JuD: The snakes in Pakistan's backyard
Pakistan is unwilling to act against terror groups, rather many of them work as the State’s proxies.comment Updated: Jan 27, 2015 00:42 IST
The Jamaat-ud-Dawa (JuD) may continue to thrive amid the instability of Pakistani politics. After a few days of febrile reporting that Pakistan had proscribed the JuD (an alias of the Lashkar-e-Taiba) and the Haqqani network, it turns out that both groups have in fact not been banned. The Pakistan foreign office confirmed this and noted that the JuD’s assets remain frozen and the movements of its members restricted in compliance with UN sanctions. These measures have barely affected the group so far as it continues to raise funds, run services and hold massive rallies.
Islamabad’s failure to proactively tackle the JuD points to competing forces at play on this issue. Nawaz Sharif’s government has been under pressure from the United States and India to act against the group and has strained to ensure that some symbolic steps concerning the group are taken — such as ensuring that Mumbai attacks mastermind Zakiur Rehman Lakhvi remains in jail. Islamabad is, however, unable to go very much beyond that since the JuD is a significant political actor in Punjab and is also still seen as a strategic asset by the Pakistan army in its proxy war against India.
The next steps on tackling the LeT will be worth watching. The US and European powers are concerned about the JuD/LeT owing to its international networks and anti-Western worldview and will, therefore, continue to press Islamabad on the group’s activities. Equally, Washington is also seeking Pakistan’s help in ‘stabilising’ Afghanistan through a negotiated political settlement with the Taliban. It remains to be seen how the US balances its Afghan objectives with counter-terrorist ambitions concerning groups like the LeT.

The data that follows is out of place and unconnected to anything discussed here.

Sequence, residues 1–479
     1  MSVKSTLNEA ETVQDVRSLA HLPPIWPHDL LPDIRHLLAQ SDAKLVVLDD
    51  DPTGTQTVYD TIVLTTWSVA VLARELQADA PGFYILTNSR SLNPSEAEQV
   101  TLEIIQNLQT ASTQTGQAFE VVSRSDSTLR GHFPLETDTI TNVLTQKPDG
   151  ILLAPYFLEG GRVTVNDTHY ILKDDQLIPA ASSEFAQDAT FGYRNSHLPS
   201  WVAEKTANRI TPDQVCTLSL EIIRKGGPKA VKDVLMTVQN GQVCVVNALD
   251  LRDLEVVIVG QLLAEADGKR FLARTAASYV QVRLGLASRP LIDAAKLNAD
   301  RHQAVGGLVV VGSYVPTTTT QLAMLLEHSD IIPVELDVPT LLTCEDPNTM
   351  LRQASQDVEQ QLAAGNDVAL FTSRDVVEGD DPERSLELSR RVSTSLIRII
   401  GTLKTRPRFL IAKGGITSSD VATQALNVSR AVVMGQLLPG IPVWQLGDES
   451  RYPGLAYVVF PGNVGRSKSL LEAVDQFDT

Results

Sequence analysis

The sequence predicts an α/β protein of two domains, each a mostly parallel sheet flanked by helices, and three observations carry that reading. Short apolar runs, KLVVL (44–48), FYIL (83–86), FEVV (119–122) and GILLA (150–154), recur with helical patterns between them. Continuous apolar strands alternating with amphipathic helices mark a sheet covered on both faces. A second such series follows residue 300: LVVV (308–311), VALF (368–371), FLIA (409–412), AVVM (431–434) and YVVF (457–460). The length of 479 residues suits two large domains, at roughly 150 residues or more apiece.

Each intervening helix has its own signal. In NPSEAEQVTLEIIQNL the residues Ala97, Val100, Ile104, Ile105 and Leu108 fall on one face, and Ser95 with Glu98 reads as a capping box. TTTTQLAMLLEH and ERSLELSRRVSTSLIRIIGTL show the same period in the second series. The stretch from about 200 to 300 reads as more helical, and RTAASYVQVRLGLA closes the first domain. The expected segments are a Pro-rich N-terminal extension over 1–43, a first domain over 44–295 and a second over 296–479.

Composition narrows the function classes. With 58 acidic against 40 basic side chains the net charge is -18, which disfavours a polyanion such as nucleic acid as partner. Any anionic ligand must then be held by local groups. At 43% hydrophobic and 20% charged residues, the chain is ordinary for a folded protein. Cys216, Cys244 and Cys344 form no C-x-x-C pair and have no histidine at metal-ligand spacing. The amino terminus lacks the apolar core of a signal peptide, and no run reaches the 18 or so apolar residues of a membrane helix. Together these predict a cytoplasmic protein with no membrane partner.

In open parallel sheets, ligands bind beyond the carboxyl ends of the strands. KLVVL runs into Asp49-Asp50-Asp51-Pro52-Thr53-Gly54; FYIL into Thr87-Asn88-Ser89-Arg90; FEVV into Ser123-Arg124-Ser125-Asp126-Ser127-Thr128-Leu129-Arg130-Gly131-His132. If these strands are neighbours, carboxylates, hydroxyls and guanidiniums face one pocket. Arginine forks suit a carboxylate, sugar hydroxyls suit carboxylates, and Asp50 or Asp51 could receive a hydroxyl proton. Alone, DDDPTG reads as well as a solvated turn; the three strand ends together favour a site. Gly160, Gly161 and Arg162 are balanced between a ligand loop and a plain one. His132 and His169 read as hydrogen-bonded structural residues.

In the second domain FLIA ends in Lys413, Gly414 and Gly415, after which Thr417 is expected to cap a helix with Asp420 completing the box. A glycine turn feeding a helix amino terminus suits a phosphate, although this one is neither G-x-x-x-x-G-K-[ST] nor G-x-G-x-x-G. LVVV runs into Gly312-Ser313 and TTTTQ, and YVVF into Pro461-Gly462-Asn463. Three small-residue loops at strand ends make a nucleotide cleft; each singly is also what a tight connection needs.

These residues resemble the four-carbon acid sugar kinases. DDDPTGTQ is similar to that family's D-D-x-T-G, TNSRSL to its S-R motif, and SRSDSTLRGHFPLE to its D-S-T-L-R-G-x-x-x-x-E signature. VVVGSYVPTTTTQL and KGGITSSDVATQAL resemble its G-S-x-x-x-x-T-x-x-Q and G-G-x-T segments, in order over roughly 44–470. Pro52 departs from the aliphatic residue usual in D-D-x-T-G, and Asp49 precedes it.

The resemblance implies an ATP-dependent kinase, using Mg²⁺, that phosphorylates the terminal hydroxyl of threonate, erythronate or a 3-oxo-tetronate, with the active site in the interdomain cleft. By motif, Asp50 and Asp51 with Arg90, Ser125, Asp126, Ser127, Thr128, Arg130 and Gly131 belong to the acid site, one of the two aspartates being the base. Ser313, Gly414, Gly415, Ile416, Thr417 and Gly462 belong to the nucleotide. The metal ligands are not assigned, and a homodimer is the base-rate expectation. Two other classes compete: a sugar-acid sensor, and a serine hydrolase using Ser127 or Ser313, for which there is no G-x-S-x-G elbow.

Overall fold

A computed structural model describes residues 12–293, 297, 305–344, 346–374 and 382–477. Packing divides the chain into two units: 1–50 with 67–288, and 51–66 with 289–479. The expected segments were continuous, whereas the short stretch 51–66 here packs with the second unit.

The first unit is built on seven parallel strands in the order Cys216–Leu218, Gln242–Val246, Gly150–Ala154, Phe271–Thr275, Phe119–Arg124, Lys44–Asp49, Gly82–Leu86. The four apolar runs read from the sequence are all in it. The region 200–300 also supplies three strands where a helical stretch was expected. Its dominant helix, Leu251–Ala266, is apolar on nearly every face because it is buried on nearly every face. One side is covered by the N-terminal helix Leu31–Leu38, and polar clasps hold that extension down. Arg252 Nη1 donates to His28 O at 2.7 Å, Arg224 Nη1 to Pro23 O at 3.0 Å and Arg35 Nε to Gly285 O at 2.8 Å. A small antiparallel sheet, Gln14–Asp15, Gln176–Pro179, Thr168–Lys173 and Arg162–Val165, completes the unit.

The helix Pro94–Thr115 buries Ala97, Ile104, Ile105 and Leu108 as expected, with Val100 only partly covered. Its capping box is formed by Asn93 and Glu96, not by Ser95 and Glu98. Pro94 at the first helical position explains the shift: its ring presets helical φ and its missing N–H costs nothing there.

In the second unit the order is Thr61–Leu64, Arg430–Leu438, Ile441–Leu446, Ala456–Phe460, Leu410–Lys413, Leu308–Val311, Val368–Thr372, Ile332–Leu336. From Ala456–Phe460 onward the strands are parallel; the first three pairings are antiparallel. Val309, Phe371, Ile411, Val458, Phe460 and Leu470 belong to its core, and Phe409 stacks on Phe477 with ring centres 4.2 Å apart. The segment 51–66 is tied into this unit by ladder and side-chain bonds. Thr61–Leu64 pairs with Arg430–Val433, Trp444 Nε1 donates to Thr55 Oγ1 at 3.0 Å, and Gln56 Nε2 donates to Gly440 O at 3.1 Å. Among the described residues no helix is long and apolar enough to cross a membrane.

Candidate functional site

There was a debate in India on whether a ban on the JuD would at all be useful, given its felicity for operating under different aliases helped along by an indulgent establishment. The significance of a ban in this case would not merely be about its efficacy, it would be about the necessity of underlining the group’s illegitimacy in Pakistani society. State action that challenges the conflation between a terrorist group and charity organisation would be an enormously helpful act of ideological attrition over time.